A disgruntled California man has demanded the mayor of Burlingame remove the many yellow ribbons displayed on a major retail thoroughfare and to apologize to “any person who may have been offended by his illegal actions,” reports the San Mateo Daily Journal.

Mayor Mike Coffey had decided the city would not enforce an ordinance against private displays on public property when a woman asked if she could put ribbons on Burlingame Avenue. Now that nearly every tree and lamppost has a yellow ribbon, Seth Yatovitz, a resident of Palo Alto, wants the city to take them down, calling them “offensive ribbons.”



Yellow ribbons spark debate (photo: Michelle Durand, San Mateo Daily Journal)

According to the paper, Coffey couldn’t imagine anyone complaining about the town’s residents showing support for U.S. troops in Iraq.

“Clearly there are many laws on our books that are enforced when called to our attention, but we don’t have the resources to enforce all the laws we have until somebody brings it up,” City Manager Jim Nantell told the Daily Journal.

Even though Yatovitz is not a resident of Burlingame, he has the right to object, said Nantell.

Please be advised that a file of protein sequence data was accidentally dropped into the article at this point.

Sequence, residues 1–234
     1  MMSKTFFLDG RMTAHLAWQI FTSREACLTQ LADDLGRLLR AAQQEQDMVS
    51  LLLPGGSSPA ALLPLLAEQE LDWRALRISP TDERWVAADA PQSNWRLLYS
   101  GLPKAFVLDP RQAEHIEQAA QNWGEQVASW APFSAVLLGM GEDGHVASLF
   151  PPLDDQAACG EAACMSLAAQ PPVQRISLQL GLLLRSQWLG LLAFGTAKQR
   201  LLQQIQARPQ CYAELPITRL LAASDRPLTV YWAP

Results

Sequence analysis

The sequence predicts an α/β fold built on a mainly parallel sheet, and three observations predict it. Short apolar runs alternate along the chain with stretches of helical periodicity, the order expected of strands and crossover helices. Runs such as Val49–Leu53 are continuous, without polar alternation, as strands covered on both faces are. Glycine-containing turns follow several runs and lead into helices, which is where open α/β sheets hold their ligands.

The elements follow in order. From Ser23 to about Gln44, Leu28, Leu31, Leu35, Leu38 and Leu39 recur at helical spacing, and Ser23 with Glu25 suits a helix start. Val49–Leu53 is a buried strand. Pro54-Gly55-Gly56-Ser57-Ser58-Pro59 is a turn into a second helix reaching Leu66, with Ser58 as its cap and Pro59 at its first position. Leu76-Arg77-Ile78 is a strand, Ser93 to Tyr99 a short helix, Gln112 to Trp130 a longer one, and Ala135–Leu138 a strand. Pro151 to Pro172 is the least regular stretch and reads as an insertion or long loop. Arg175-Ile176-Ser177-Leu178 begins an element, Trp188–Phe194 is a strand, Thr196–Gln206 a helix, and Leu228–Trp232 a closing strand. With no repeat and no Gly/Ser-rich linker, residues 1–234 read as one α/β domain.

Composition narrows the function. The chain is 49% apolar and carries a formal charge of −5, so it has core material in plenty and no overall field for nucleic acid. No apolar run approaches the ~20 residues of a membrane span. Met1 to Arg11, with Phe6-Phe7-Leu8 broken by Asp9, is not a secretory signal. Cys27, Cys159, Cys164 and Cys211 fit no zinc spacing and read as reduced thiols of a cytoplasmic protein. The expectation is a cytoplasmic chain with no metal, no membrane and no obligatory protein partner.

In his complaint to the city, Yatovitz mentioned his belief that the soldiers involved in the Iraq theater are actually criminals.

“I find the yellow ribbons on city property offensive to my senses, as they are posted in support of violators of international law. I do support our troops that are not involved in illegal activity,” Yatovitz wrote to the council.

If his demand is not heeded, according to the report, Yatovitz will begin a boycott of Burlingame businesses and possibly file a lawsuit.

“I’m trying to put pressure on the city targeting their tax base. It’s not aimed at the businesses and I have no animosity towards the businesses,” Yatovitz said.

Some businesspeople will not tolerate the city removing the ribbons.

“We are at war and somebody wants to remove the ribbon? I think it’s over my dead body if he wants to remove it,” said Ashok Patel, owner of the Burlingame Smoke Shop, according to the report.

As WorldNetDaily reported, the Fieldsboro, N.J., borough council recently voted to ban yellow ribbons from public property after a businessowner placed a ribbon on the official borough welcome sign and one nearby.

The Burlingame City Council will take up the issue at Monday’s council meeting.

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